Gladiator Heroes: It’s No Colosseum Show

Jun 13, 2017
Strategy

Apps come in all sizes and genres, and that’s what makes smartphones such an exciting platform for games. With no end to developers’ creativity there are some wonderfully unique titles out there – with a great many clones too, I hasten to add. Yet sometimes the creator’s mind can run a bit too wild: cramming too many genres and features into what is essentially a small, handheld game. This is certainly the case with Gladiator Heroes, a game that, while it does have its positives, is overambitious and confused.

In Gladiator Heroes you take control of an increasingly-expanding empire with the help of a small army of gladiatorial warriors. You begin with just one weak warrior and two buildings in your home town. Expand the map, though, and you’ll see that the world you can conquer is vast compared with where you start. Taking to the colosseum, your gladiator battles it out automatically, and all you’re required to do is initially place him and choose his special moves. When the battle is won you receive gold coins, wooden planks, and red gems, all of which can be spent on building your empire. The wood allows you to build new areas in your city, including an armoury, infirmary, and training ground, whereas the gold coins can be spent on improving your gladiator’s strength and fitness. Red gems allow every process to be sped up.

Gladiator Heroes Review | Appolicious

In Gladiator Heroes you take control of an increasingly-expanding empire with the help of a small army of gladiatorial warriors. Read or review here: https://appolicious.com/gladiator-heroes-its-no-colosseum-show/

The further you expand the better your rewards are, meaning you can not only increase the productiveness and efficacy of each building you own, but also recruit more warriors into battle. Gradually, new terrains will be met, which require new and better resources within your city: for example, a caravan is needed in order to progress from the first area into the second. It then becomes more difficult to balance your earnings as opponents become tougher, and a defeat down the line could result in your gladiator being sent to the infirmary for several hours. The threat doesn’t just come within the game’s characters itself either, but also from other, actual people playing the game: online multiplayer is a key feature. Of course, if you want to get ahead of the opposition that badly, there are always in-app purchases that can be made.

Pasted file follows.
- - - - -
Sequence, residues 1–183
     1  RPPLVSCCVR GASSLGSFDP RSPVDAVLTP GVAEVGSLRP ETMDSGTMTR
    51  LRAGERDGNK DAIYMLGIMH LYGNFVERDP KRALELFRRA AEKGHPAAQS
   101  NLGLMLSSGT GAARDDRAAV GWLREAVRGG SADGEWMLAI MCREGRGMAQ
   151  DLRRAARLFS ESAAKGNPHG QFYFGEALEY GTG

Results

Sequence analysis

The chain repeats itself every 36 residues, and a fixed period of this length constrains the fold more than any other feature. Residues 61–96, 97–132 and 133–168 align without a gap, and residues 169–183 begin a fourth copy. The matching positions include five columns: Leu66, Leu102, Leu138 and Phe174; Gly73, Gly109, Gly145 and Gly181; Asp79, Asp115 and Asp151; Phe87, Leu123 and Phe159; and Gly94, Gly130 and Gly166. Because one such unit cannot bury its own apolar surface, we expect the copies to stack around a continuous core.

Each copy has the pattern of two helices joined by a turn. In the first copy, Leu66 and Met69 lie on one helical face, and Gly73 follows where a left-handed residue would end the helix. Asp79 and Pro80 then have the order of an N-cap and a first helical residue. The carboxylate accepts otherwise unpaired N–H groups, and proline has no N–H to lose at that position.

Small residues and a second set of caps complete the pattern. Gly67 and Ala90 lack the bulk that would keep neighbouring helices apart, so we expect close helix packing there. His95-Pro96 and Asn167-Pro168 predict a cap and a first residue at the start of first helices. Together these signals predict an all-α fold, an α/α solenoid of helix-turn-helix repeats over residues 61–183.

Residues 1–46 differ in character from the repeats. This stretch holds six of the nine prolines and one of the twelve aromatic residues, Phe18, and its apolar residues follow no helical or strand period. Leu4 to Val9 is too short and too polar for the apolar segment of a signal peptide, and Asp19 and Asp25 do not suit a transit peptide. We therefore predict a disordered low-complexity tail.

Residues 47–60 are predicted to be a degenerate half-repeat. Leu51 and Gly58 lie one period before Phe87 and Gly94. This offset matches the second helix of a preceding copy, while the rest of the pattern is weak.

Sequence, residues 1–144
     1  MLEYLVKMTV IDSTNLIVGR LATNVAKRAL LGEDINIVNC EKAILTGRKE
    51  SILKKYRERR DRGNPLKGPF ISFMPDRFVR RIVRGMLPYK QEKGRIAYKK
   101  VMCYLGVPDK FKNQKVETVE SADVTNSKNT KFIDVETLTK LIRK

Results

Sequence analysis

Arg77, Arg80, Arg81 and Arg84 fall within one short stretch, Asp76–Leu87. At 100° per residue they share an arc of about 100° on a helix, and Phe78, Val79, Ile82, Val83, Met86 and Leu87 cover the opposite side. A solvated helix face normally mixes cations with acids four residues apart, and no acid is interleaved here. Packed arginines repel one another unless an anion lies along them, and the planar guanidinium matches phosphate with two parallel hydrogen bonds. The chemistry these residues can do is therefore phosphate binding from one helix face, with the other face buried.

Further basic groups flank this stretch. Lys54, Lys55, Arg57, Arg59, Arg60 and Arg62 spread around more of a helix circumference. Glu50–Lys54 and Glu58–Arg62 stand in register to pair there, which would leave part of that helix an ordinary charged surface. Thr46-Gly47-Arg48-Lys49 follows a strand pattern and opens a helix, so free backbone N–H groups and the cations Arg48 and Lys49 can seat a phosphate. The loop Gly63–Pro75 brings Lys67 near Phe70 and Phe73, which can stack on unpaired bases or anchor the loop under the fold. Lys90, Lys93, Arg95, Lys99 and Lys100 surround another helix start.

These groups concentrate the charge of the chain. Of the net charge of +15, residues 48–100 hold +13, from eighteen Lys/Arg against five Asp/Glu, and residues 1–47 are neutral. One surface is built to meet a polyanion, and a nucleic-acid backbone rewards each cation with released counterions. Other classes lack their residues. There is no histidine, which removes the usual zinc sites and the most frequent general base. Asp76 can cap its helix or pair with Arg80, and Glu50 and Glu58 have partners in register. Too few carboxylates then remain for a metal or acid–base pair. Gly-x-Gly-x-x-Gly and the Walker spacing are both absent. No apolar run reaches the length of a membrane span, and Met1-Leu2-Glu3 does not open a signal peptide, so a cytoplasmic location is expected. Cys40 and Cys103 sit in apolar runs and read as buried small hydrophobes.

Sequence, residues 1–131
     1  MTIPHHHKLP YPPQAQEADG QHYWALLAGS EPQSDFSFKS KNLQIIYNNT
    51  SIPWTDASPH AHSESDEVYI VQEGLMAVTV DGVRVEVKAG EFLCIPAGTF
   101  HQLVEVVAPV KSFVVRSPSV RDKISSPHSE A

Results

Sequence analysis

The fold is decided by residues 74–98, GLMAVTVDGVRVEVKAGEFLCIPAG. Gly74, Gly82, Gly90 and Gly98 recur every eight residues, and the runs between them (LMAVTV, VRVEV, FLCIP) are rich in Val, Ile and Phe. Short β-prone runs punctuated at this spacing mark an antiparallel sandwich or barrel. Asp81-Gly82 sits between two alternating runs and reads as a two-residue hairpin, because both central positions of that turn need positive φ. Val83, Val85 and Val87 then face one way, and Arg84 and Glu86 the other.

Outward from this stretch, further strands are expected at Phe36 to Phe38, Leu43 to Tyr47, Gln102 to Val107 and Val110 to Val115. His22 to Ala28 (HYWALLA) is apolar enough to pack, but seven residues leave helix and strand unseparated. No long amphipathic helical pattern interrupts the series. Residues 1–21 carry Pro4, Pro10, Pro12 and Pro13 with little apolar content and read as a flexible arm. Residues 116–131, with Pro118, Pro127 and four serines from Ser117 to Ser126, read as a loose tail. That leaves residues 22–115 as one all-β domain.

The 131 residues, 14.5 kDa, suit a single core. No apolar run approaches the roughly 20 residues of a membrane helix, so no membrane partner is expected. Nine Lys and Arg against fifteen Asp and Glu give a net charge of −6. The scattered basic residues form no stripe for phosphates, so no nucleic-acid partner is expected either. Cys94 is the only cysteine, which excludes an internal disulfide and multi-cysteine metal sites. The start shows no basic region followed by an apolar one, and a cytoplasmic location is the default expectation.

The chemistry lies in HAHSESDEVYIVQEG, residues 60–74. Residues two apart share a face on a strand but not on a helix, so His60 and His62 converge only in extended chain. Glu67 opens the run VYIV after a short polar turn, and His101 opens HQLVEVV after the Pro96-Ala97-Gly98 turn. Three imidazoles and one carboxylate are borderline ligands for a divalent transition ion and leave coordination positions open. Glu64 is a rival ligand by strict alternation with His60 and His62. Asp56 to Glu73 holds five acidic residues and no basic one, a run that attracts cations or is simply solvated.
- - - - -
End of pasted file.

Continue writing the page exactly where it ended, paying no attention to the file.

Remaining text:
It then becomes more difficult to balance your earnings as opponents become tougher, and a defeat down the line could result in your gladiator being sent to the infirmary for several hours.

It’s difficult to put Gladiator Heroes in a particular category. It’s marketed as a strategy game, but within the battles themselves there’s no strategy involved; instead, the game’s AI is left to do the working-out for you. With the number of resources you need to collect to build your empire and improve your gladiators, an argument could be made that it’s role-playing, but again it’s cloudy. Being able to decide how you invest in buildings and cities and where you place them is reminiscent of simulation games. While a mixture of two or three genres can never be a criticism – many games just do that – with Gladiator Heroes there’s a real sense that it doesn’t know its place; that it doesn’t succeed at being any. If it is a strategy game then the majority of the method in battle is taken out of your hands completely, for a role-playing game there’s little to no freedom, and, well, it definitely can’t pass a simulation game.

It’s difficult to put Gladiator Heroes in a particular category.

The result of this confusion is that there are far many things going on in Gladiator Heroes. You’re in charge of managing every gladiator, their training, health, armoury, and how they level up. It doesn’t sound too difficult, but in order to do this you need to ensure you build the correct buildings, level them up in the right order, and also wait until they’ve been built and the gladiator has finished being refreshed in them. Things are even harder to juggle when you have to battle the main missions and side missions to be rewarded with any of the resources to do anything in the first place. The fact that red gems, two different shapes of gold coin, silver coins, and bronze coins all make up the in-game currencies speaks volumes.

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In its mechanics Gladiator Heroes isn’t bad: it runs smoothly and looks nice. The map is fairly small, making it easy to navigate around. Yet perhaps this is the issue: cramming too much in to such a small space. Perhaps if it focused on one particular area its gameplay it could do its design justice, but instead it’s too muddled, and it’s hard to get into a game that you can’t get your head around.

Available on iOS and Android.

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Chris Carr

A gamer ever since he owned Sonic on the Megadrive, Chris thinks that the only thing better than reading and writing about games is playing them

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